Al mashriq - The Levant

Life in the BD -- circa 1960

by Jon Stacey '61

The Senior Lounge in the BD was a sanctum sanctorum which was entered without permission by underclassmen at the risk of life and limb. Underclassmen couldn't wait to become "Big Seniors" with exclusive access to this Hallowed Den. Everyone in the BD had access to the "Rumpus Room," however. The Rumpus Room was located below the main floor of the BD on the north side of the ell, and was the scene of both formal and informal activities. On the way to the rumpus room was a small annex of sorts with tables for playing cards. Bridge was a popular game during this time period, and the real fanatics would rush to the annex the minute school was out to "nail down" a table for a bridge game, followed by calls of "we need a fourth!" Informal dancing in the Rumpus Room was aided by one stroke of luck -- Chris Ross '60 possessed a reel- to-reel tape recorder, and recorded the "Top 40" from Radio Cyprus on Wednesday nights, for later playback at dances. This was greatly appreciated, as it was difficult to get current hit songs in Lebanon on a timely basis.

Life in the BD also had its lighter moments, complete with pranks. The Potrezebie cannonball rolled down the tiled floors of the BD hallways more than once, creating a tremendous racket late at night. Pranks played on each other in the boys' dormitory included toothpaste or peanut butter under the drawer pulls of the desks and bureaus; the age-old trick where a can of water was balanced on top of a door; and powdered sugar on someone else's sheets, which would result in the sheet clinging to his body by the time he woke up. Inspired by news of the collegiate prank of stuffing phone booths with students, an attempt was made one night in 1960 to see how many boys could fit into one bathroom stall on the second floor (thirteen).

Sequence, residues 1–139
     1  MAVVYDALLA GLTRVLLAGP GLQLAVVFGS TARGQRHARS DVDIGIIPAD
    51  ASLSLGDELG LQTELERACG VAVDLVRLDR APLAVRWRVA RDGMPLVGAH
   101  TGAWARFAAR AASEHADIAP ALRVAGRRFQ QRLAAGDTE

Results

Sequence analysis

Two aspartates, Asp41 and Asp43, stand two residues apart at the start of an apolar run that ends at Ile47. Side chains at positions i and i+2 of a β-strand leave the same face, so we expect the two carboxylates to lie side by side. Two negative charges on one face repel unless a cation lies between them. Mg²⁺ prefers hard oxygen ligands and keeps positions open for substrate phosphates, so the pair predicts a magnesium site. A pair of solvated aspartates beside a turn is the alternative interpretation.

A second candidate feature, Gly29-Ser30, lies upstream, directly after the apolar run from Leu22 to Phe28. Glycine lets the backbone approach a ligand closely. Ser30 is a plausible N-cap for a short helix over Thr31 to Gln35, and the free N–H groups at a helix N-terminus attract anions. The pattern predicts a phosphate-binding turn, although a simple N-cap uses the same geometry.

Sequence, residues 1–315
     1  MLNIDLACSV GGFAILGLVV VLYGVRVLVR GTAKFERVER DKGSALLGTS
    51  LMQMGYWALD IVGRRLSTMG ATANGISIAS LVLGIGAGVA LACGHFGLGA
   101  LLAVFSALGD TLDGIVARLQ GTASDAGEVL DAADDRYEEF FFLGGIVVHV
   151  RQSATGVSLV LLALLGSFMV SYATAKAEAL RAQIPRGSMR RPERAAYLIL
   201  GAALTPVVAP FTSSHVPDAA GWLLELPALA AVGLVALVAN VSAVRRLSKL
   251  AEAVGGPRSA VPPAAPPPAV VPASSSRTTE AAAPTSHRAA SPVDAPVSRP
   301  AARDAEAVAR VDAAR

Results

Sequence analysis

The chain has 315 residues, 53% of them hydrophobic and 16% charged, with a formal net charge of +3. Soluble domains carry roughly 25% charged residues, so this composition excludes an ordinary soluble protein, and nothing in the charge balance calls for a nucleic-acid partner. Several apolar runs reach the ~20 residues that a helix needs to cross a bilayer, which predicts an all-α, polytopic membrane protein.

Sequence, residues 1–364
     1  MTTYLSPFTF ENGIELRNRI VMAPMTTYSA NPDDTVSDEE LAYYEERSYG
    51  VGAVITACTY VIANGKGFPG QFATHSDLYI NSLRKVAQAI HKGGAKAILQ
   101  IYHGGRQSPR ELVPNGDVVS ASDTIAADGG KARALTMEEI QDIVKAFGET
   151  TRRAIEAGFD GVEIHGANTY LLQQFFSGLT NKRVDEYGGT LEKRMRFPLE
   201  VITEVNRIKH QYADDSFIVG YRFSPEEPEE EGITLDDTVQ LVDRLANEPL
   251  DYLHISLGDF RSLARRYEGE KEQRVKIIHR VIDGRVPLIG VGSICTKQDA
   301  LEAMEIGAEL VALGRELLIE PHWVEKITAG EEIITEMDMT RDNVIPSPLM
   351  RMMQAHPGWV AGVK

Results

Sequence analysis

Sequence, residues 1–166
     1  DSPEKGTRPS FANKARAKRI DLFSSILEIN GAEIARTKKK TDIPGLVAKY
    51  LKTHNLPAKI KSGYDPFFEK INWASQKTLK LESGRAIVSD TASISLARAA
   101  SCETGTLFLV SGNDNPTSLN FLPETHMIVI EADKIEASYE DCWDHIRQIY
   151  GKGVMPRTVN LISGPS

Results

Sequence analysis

There were a few "dangerous" activities which occurred, most of which should remain classified forever. However, one was discovered, so the truth can now be told: Several enterprising boys, chafing at the restrictions on their mobility, decided to make a rope ladder. Rope was purchased downtown, and the creative process began. Rungs for the ladder were "liberated" from furniture in the lounges. The ends of the ladder were tied to the wrought iron frames of the doors on the balcony, and the first brave adventurers sneaked down to the girls' floor. A few days later, someone got the idea to "go all the way" -- beyond the girls' floor and up into Ras Beirut. This adrenaline-producing activity continued for several months until our chief custodian, Fawzi Beshara, discovered the ladder in a closet, the door to which the owner had unfortunately forgotten to close. Boys' mobility was severely limited for several weeks thereafter!